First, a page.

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Current Restoration

3: Restoration Resources

the complete offical jaguar E type bookAs we ended our previous article, I had acquired a 1967 Jaguar E-Type 2+2 with some known mechanical problems, including inoperative brakes and a frozen clutch disc. I was working on getting these problems resolved.

If you are going to spend any time working on a car, it helps to have some technical resources. For the E-Type, the Robert Bentley company produced a very comprehensive shop manual. I love it because it’s such a throw back, with hand drawn details and pictures of mechanics in work jackets and ties. I bought mine on E-Bay, although they may still be available new. Haynes also makes a manual that appears to be fairly comprehensive. A web-based source for automotive books, including shop manuals and restoration guides is www.Motorbooks.com. With the internet, things have improved about 1000% with respect to obtaining information. I spend a lot of time reading postings at the E-Type forum at www.Jag-Lovers.org. This forum is very active and can be quite entertaining for daily correspondence with kindred souls who love Jaguars. They also have forums for the older cars such as the XK-120 through 150 and the newer series as well. Another very valuable feature of the forum is the ability to search their Archives. In this way, you can search on a key word like “brakes” and come up with a comprehensive list of postings that most likely will give you some in-sight into your particular technical problem. This is a very powerful tool. On weekends, it not uncommon for someone to post a question real-time regarding a problem that has come up for them and many times possible solutions will be posted right away.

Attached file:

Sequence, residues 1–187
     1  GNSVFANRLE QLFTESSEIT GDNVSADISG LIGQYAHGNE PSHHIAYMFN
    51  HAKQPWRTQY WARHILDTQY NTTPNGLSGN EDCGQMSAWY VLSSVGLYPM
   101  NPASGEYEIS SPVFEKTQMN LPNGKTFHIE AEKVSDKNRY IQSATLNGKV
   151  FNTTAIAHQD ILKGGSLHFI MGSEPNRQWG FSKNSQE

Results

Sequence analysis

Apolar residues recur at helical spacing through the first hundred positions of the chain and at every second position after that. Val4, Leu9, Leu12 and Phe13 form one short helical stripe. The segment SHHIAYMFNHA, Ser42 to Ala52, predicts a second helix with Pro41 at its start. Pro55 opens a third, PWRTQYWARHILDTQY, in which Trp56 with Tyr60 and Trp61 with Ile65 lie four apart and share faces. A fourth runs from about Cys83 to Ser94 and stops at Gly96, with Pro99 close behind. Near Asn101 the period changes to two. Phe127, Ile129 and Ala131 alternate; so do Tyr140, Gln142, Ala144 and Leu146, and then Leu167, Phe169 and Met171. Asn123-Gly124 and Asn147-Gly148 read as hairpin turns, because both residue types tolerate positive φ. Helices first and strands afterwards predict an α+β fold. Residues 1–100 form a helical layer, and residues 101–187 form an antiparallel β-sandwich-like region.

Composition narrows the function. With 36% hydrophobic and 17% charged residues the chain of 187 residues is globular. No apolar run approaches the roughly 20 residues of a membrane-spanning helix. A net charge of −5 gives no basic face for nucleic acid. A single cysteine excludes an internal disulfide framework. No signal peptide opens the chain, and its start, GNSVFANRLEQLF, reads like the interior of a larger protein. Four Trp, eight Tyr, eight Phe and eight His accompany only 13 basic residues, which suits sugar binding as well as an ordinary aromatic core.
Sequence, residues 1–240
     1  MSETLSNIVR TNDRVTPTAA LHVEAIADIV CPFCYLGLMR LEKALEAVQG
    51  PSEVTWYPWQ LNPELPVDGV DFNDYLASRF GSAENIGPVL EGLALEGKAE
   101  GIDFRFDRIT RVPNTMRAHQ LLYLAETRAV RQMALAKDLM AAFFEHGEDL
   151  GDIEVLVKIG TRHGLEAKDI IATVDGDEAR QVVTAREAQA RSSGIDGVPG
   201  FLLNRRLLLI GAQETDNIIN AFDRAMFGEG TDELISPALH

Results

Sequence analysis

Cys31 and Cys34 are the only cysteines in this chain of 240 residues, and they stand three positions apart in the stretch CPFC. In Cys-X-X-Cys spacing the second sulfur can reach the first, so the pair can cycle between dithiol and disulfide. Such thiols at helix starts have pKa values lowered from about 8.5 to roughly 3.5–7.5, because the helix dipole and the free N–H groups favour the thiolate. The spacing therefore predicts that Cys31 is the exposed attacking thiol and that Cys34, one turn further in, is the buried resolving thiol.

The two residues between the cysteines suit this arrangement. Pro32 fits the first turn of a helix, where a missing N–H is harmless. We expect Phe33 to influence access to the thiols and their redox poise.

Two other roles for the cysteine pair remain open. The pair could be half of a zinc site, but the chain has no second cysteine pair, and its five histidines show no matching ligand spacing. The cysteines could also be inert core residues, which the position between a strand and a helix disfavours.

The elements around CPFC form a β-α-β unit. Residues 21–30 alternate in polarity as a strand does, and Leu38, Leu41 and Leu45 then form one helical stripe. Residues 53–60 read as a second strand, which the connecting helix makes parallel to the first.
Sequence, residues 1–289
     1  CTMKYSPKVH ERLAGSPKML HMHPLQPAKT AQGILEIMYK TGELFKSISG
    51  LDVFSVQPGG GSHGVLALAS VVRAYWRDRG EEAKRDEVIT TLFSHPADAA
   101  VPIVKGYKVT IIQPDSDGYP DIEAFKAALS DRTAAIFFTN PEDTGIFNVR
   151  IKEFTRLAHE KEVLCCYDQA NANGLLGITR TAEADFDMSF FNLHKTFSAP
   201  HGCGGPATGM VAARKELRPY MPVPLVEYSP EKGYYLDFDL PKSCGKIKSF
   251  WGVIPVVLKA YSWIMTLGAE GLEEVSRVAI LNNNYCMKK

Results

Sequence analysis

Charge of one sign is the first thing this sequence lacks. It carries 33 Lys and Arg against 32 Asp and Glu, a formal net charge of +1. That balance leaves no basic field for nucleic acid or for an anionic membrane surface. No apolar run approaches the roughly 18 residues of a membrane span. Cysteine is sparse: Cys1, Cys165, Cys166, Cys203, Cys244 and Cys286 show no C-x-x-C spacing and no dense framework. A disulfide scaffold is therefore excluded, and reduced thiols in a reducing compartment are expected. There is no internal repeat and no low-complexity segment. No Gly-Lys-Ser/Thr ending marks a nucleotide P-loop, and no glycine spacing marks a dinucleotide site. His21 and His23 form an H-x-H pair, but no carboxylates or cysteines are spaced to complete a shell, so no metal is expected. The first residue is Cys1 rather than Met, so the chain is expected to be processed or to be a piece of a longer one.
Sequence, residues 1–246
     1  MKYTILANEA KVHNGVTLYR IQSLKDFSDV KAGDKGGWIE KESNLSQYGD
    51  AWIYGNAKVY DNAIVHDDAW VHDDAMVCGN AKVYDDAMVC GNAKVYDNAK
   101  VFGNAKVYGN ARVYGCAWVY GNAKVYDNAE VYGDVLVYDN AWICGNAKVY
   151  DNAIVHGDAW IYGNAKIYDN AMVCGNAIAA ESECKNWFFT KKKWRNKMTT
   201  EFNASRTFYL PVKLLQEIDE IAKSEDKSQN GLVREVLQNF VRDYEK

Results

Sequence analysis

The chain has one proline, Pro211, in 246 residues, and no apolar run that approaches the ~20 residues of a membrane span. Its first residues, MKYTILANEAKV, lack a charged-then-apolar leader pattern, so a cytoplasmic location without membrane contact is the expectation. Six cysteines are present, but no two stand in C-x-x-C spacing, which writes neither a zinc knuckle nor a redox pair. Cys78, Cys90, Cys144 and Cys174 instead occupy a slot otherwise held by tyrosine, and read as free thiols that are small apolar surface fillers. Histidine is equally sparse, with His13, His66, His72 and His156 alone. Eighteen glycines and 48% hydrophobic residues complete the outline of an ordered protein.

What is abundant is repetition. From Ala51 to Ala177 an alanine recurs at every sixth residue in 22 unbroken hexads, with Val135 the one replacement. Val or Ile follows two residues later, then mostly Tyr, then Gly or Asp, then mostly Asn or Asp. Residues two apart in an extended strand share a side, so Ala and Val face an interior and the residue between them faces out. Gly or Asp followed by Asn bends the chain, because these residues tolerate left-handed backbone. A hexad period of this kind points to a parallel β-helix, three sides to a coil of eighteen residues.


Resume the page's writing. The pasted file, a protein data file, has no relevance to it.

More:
Another excellent resource is the website for our own national club at www.jcna.com. This website has a Technical area in which informative articles are kept which may be just what you are looking for. Another fairly active forum is maintained at the www.Classicjaguar.com website known as the Team CJ Cafe. Click on the CJ Cafe link on their home page. And don’t reject websites for other makes of cars as some of these can help a lot. Here are a few that I have bookmarked.


There are just so many resources on the web that I never run out of things to read there about car restoration.

In the case of my brakes, it was clear from my research that I would likely find corrosion in the bores of the master, slave, or wheel cylinders, that at a minimum would be causing leaks, and most likely the moving parts would be frozen in place. Brake fluid is hygroscopic, which means it attracts and mixes with water. One result is that the interior of the brake hydraulic system becomes rusty. You can avoid this problem by changing out your brake fluid every couple of years. A silicone based fluid has been developed, registered as DOT 5, which does not absorb water. But do some reading before taking this step, as the DOT 5 fluid can cause leaks on older systems not designed for it. Personally, I’m going to stick with DOT 4 for now, with Castrol LMA being recommended.

image of brake cylinderSure enough, when I took off the front wheel cylinders on my E-Type, the pistons that were supposed to move in and out were frozen in their bores. I soaked them in PB Blaster for a while and then made up a fitting to apply compressed air at the inlet for the hydraulic fluid. This moved the pistons out to the point where I could get them out the rest of the way with channel lock pliers. And the bores were indeed very rusty.

Several firms are out there that will machine a precise amount of metal out of the bore of the cylinder and then press in a “sleeve” that restores the inside diameter of the cylinder to it’s original specs. Its called re-sleeving. Apple Hydraulics and Sierra Specialties are two firms that have received favorable feedback on the Jag-Lovers Forum. But I decided to take a different route.